Even the biggest fans of the Star Wars prequels are willing to admit that General Grievous was a disappointing character. After all, a robot guy with more arms than personality who has emphysema can’t exactly stand tall next to iconic Star Wars villains like Darth Vader. However, when the character was introduced to audiences in Genndy Tartakovsky’s two-dimensional Clone Wars cartoon well before Revenge of the Sith came out, General Grievous was a much better (and much, much scarier) villain than we’d ever seen in live-action.
The Introduction Of Grievous
In the Clone Wars episode “Chapter 20,” our heroes first hear the tale of a frightening new droid general who is ruthlessly hunting down Jedi. Pretty soon, we see a group of Jedi (including fan-favorite characters Ki-Adi Mundi, Shaak Ti, and Aayla Secura) fight with General Grievous on the planet Hypori. Of course, calling it a fight is a bit generous: the vicious droid effortlessly defeats everyone, and we get a cliffhanger ending with General Grievous leaping at Ki-Adi Mundi, ready and willing to slice him up with the three lightsabers he is wielding.
More Terrifying In Silence
Speaking of slicing, let’s cut to the chase: what makes this portrayal of General Grievous scarier than anything we’d see in Revenge of the Sith? For one thing, the character doesn’t have any dialogue in this scene. That was almost certainly because Tartakovsky had no idea at the time who would eventually be the voice actor for Greivous, but the simple fact is that removing his goofy voice (complete with all its trademark wheezing and coughing) is already enough to make this villain seem much more intimidating.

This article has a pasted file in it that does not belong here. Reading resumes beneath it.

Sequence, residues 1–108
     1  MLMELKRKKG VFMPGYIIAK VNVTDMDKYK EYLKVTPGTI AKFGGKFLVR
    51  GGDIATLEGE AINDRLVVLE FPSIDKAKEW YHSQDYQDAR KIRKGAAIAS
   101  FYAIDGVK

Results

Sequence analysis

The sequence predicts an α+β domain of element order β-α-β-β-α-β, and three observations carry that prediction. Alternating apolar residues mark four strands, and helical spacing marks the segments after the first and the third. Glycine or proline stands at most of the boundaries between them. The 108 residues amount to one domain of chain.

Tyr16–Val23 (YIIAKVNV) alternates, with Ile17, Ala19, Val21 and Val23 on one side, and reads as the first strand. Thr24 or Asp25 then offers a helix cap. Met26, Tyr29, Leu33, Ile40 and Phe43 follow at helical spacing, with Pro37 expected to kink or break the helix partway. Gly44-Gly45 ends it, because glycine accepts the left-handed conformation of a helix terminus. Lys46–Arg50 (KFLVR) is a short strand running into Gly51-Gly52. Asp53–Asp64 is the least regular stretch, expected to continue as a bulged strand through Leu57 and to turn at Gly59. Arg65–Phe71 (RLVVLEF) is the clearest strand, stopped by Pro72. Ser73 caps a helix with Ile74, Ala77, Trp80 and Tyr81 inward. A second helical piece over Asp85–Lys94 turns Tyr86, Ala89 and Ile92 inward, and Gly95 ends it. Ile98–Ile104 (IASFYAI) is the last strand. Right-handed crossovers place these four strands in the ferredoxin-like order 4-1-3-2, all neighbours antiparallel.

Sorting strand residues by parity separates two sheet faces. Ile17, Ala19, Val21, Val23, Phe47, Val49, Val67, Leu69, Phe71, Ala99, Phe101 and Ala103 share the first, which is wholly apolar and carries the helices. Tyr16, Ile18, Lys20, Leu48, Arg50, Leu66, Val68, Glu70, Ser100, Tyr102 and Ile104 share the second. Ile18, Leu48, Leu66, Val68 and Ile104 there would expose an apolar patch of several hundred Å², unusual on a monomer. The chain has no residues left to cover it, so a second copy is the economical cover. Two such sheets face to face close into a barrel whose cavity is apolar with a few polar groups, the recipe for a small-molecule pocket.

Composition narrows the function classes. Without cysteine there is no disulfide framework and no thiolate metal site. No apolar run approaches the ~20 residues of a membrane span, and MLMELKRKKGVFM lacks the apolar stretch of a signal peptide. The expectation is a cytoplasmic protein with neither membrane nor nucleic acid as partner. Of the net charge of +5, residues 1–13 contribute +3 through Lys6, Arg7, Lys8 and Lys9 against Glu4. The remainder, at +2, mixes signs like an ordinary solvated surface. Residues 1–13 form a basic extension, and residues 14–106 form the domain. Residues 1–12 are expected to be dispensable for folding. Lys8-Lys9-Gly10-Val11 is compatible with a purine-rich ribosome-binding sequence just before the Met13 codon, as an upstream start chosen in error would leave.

Star Wars Meets Aliens
Another aspect of this animated General Grievous that makes him scarier than his live-action counterpart is how much more overtly physical his attacks are. We don’t get a proper look at the villain until he lands on and effectively squishes a Padawan (one who looks a lot like Scooby-Doo’s pal Shaggy, incidentally), and the character uses his robo toes to hang from the ceiling while he stalks his prey. This helps the whole scene feel like something out of a horror film, and it’s cool to see General Grievous attacking Jedi from the same unexpected angles that a xenomorph might attack a Colonial Marine in aliens.
A More Skilled Foe
When you watch the fight, you can also see that the animated General Grievous uses multiple lightsabers in a much smarter way than he did in Revenge of the Sith. In that movie, he couldn’t even handle Obi-Wan despite having four sabers: here, the droid’s speedy attacks are able to help him hold off five Jedi at once with complete ease. Towards the end of the fight, he uses his feet to toss Jedi to their doom and even uses his robotic toes to hold a lightsaber after his two extra arms get cut off.
Live-Action Has More Hurdles Than Animation
In all fairness to George Lucas and the creative team behind Revenge of the Sith, it’s much easier to create such a killer fight scene in animation than in live-action. That doesn’t change the fact, though, that live-action General Grievous was a disappointing character, and the only thing worse than his voice was his fight scenes. We’ll take Genndy Tartakovsky’s version any day, and we can’t help but hope that he eventually brings his animated talents back to a galaxy far, far away.